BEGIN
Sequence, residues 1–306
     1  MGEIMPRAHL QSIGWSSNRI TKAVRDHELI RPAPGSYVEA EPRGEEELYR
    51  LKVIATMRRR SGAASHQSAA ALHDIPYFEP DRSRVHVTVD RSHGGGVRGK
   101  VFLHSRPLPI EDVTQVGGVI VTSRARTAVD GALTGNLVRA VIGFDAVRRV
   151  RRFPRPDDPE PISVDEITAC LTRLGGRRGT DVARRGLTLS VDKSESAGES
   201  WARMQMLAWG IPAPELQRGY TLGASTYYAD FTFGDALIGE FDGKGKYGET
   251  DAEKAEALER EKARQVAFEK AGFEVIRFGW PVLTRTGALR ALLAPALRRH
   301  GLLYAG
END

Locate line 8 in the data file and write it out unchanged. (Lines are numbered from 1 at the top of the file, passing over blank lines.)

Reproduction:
   301  GLLYAG